When more means less
Food seems to be as unlimited and diverse as ever before. When we go to the store there is a nearly endless choice of every type of food. But is it really as diverse as it seems? Well, not quite so. You see, all around the world the number of supermarkets is growing rapidly, even more so in developing countries. And they all tend to sell the same. Thus, supermarkets need a huge supply of the same products. That leads them to favor a few individual crops so that their offer is uniform, stores well and is easy to market. So there is a lot of food in different packages, but the content is identical! What does it mean for biodiversity?
The most produced crops in the world are sugar cane, maize, wheat and rice.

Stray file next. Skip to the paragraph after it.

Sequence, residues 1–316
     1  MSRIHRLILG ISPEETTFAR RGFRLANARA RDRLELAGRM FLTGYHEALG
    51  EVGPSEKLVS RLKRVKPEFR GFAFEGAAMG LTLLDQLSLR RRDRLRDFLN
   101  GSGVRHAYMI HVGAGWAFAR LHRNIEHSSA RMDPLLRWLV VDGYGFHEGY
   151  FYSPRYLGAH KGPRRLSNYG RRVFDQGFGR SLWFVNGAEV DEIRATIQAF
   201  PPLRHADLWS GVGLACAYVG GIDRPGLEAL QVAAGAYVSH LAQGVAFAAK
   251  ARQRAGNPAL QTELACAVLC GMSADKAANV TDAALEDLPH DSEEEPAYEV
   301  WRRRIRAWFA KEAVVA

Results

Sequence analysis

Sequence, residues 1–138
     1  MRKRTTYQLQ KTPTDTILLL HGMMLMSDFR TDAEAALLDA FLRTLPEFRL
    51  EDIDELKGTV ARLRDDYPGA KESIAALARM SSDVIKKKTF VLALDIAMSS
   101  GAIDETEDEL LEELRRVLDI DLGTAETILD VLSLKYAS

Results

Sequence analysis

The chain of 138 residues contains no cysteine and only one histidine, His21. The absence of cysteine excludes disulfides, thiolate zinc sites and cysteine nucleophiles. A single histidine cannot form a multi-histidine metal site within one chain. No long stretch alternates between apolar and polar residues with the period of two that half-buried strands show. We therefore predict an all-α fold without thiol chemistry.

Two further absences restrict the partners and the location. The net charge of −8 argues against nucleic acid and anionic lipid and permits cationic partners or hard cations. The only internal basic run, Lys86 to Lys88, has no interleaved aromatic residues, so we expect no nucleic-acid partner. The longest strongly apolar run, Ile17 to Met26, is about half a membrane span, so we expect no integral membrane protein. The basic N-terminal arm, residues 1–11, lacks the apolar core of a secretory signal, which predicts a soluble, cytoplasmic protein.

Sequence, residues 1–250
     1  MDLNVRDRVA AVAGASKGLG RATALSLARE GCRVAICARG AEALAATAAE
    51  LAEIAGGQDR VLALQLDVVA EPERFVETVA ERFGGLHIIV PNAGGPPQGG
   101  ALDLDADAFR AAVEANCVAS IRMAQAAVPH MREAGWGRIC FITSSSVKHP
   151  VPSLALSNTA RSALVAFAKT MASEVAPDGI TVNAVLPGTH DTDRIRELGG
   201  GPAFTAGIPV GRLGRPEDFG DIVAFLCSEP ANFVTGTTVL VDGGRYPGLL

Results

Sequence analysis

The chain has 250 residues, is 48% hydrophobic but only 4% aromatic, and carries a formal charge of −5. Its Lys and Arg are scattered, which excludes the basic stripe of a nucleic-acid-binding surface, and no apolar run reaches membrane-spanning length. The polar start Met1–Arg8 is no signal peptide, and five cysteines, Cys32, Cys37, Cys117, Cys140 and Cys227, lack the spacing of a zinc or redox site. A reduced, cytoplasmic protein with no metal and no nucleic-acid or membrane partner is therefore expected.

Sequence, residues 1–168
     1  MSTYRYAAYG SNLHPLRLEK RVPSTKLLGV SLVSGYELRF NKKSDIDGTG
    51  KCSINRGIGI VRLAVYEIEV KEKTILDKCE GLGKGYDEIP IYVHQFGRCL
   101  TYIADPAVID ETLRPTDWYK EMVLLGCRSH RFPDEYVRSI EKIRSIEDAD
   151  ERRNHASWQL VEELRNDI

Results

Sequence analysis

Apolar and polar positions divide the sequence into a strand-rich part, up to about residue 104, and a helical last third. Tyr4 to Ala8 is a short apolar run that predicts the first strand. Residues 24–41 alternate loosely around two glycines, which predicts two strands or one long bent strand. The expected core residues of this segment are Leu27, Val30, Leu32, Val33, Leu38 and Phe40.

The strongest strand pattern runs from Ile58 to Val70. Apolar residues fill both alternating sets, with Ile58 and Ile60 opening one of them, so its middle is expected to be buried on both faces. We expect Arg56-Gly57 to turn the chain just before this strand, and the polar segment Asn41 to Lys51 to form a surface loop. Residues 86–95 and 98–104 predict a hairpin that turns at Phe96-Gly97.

There has been a “supermarket revolution” in developing countries because the number of them has grown incredibly fast. In the 1990s only 5% of food was sold in supermarkets. Today it is over 50%!
Standardization is when supermarkets dictate what size and shape fruit and vegetables must have. This not only results in a loss in diversity but is also a major cause of food wastage.
In Africa traditional crops like millet and sorghum are declining, whereas the share of maize is increasing. Maize was introduced from the Americas and although it is less drought resistant than traditional crops, it is taking over the market.